Perturbation of dopamine metabolism by 3-amino-2-(4'-halophenyl)propenes leads to increased oxidative stress and apoptotic SH-SY5Y cell death
Molecular pharmacology. 2007 Sep; 72(3): 744-52.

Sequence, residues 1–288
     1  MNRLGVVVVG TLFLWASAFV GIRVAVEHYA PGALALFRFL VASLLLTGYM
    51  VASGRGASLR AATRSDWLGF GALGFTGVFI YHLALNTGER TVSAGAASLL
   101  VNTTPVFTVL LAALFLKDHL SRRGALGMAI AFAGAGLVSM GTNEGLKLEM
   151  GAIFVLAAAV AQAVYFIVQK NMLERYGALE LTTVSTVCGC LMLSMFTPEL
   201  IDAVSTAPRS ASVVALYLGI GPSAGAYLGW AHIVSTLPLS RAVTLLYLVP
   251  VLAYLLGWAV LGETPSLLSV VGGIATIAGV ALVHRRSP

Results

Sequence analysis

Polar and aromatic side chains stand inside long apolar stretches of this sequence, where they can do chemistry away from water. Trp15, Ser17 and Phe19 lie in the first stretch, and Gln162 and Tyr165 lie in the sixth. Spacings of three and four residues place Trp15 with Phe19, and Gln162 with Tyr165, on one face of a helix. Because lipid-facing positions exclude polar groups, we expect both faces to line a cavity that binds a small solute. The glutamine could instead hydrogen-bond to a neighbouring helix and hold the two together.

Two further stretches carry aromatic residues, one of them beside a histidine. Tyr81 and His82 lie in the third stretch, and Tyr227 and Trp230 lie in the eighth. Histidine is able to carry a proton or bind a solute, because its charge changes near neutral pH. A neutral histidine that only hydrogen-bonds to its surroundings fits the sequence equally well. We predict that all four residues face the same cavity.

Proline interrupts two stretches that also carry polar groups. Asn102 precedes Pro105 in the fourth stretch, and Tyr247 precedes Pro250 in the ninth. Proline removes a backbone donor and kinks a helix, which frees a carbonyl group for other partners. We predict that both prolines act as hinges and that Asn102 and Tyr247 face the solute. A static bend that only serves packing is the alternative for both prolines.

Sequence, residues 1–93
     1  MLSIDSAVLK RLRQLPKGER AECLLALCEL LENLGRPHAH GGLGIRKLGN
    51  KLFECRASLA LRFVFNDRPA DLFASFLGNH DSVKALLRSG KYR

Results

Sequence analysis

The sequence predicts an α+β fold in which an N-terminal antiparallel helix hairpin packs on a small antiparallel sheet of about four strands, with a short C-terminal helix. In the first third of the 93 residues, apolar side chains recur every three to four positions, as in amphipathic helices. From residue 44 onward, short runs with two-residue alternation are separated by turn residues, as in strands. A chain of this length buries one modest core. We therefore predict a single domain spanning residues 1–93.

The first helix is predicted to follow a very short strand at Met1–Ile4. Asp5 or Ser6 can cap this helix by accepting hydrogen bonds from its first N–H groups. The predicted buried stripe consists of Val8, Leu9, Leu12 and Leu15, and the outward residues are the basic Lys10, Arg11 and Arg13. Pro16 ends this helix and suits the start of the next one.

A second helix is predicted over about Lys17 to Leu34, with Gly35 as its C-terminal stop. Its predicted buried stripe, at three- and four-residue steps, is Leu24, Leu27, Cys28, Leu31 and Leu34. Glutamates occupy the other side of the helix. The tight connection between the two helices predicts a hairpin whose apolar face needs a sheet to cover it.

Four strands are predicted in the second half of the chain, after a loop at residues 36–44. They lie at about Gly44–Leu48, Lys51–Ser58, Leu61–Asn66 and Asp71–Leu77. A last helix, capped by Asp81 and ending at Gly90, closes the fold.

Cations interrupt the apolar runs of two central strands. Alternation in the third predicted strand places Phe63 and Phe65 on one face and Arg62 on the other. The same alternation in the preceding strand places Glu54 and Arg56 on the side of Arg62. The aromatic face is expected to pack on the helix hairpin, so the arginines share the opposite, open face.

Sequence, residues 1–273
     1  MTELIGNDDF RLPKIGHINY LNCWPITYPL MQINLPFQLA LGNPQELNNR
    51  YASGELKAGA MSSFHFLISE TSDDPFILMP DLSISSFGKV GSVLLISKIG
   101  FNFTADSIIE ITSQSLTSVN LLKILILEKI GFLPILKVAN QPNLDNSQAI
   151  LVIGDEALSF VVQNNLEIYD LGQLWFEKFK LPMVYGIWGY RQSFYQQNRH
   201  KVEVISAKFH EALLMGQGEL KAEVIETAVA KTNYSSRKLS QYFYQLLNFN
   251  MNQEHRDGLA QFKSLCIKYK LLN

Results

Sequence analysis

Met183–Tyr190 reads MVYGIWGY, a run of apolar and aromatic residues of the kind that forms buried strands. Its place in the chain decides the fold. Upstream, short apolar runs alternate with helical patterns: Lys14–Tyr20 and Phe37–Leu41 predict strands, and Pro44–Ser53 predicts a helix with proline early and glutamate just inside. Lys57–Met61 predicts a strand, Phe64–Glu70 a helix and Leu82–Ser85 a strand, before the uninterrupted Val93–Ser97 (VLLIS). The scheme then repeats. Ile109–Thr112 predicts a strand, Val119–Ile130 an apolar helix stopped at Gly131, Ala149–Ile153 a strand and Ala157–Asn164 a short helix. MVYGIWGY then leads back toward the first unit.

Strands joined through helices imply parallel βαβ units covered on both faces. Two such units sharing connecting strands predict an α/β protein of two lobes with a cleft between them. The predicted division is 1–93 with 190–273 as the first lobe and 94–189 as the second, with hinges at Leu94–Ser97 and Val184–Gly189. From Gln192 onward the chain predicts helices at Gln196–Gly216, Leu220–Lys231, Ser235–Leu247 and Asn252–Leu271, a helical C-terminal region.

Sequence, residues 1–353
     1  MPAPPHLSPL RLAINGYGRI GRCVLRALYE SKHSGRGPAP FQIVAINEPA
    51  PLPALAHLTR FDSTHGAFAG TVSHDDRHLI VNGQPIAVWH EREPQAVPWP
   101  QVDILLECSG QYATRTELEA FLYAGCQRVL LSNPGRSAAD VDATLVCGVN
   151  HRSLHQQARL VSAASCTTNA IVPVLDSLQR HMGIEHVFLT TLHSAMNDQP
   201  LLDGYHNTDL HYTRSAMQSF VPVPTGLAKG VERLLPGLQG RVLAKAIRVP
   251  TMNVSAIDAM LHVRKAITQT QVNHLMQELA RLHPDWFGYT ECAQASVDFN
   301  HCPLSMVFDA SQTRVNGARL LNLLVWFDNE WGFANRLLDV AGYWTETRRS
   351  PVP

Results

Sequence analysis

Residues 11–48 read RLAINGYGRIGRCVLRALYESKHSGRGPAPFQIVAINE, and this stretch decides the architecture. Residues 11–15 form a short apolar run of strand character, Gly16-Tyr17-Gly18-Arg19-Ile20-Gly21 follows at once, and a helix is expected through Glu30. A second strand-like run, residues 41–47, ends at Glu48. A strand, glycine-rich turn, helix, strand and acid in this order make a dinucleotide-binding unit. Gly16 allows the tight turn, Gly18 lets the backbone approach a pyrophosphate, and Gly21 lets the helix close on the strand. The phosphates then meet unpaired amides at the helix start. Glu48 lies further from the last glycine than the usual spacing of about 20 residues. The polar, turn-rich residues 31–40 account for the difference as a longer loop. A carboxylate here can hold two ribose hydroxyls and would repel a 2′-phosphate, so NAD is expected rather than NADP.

We have recently characterized a series of 3-amino-2-phenyl-propene (APP) derivatives as reversible inhibitors for the bovine adrenal chromaffin granule vesicular monoamine transporter (VMAT) that have been previously characterized as potent irreversible dopamine-beta-monooxygenase (DbetaM) and monoamine oxidase (MAO) inhibitors. Halogen substitution on the 4'-position of the aromatic ring gradually increases VMAT inhibition potency from 4'-F to 4'-I, parallel to the hydrophobicity of the halogen. We show that these derivatives are taken up into both neuronal and non-neuronal cells, and into resealed chromaffin granule ghosts efficiently through passive diffusion. Uptake rates increased according to the hydrophobicity of the 4'-substituent. More importantly, these derivatives are highly toxic to human neuroblastoma SH-SY5Y but not toxic to M-1, Hep G2, or human embryonic kidney 293 non-neuronal cells at similar concentrations. They drastically perturb dopamine (DA) uptake and metabolism in SH-SY5Y cells under sublethal conditions and are able to deplete both vesicular and cytosolic catecholamines in a manner similar to that of amphetamines. In addition, 4'-IAPP treatment significantly increases intracellular reactive oxygen species (ROS) and decreases glutathione (GSH) levels in SH-SY5Y cells, and cell death is significantly attenuated by the common antioxidants alpha-tocopherol, N-acetyl-l-cysteine and GSH, but not by the nonspecific caspase inhibitor N-benzyloxycarbonyl-Val-Ala-Asp-fluoromethyl ketone. DNA fragmentation analysis further supports that cell death is probably due to a caspase-independent ROS-mediated apoptotic pathway. Based on these and other findings, we propose that drastic perturbation of DA metabolism in SH-SY5Y cells by 4'-halo APP derivatives causes increased oxidative stress, leading to apoptotic cell death.